Are you wondering how a declaration of trust can avoid the risk of property disputes further down the line? If so, here is what you need to know:
What is a declaration of trust?
A declaration of trust is a legal document designed to formalise the financial agreements between two people who jointly buy a property and with any other individual or parties that have a financial interest in the property. A common example occurs when two unmarried people decide to buy a home together but put in different deposit amounts or pay different percentages of the mortgage each month.
Without the declaration of trust, any sale of the property would see the equity and liabilities jointly shared 50/50 as default; with a declaration of trust, the couple’s agreed arrangements for a property split are maintained.
What the declaration of trust allows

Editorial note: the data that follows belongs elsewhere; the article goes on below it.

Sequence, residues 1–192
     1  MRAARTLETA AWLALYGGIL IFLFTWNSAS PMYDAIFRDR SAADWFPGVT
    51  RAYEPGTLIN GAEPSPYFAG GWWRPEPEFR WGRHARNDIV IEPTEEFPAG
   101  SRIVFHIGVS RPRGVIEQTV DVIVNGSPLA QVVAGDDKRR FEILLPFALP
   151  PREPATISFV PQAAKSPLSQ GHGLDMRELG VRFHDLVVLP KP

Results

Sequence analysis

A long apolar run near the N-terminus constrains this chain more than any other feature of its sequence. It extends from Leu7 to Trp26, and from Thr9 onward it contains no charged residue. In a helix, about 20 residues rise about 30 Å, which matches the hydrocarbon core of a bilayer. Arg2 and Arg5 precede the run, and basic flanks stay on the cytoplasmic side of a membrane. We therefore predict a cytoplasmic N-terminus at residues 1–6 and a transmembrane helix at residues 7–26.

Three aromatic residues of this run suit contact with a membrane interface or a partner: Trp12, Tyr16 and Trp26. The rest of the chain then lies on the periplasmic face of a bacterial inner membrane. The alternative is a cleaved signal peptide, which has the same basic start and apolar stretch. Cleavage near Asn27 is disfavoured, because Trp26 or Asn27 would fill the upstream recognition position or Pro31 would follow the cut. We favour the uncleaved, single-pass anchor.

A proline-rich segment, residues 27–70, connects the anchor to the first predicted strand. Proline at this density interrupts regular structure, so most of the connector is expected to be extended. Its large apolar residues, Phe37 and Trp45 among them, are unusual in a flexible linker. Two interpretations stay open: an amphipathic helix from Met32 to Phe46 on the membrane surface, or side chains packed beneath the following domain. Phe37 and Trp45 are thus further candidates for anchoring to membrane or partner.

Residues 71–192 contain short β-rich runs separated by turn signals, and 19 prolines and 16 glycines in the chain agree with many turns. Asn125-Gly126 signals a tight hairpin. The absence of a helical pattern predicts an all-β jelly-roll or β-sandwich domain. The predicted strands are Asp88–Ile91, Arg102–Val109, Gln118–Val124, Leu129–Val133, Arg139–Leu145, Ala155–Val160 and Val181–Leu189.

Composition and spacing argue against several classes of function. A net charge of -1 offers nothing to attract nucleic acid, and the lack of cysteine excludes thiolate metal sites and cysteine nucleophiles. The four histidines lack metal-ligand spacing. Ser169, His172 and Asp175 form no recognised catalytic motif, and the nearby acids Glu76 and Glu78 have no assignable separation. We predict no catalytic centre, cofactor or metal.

The declaration of trust will lay out the details of the deposit that each owner paid and how much of the property each person owns as a percentage. Other details such as the individual’s responsibilities for mortgage payments are included, as are the agreed plans for how the property’s equity would be shared in the event of a sale.
The declaration of trust can also be used to register interests by third parties, such as relatives, if they help to fund the purchase of the property. This will see the gift sum repaid before the sale proceeds are split.
Who can make a declaration of trust?
The process for creating and registering a declaration of trust is relatively simple and can be carried out with the help of a solicitor, who will guide individuals through the necessary paperwork and lodge the completed declaration with HM Land Registry.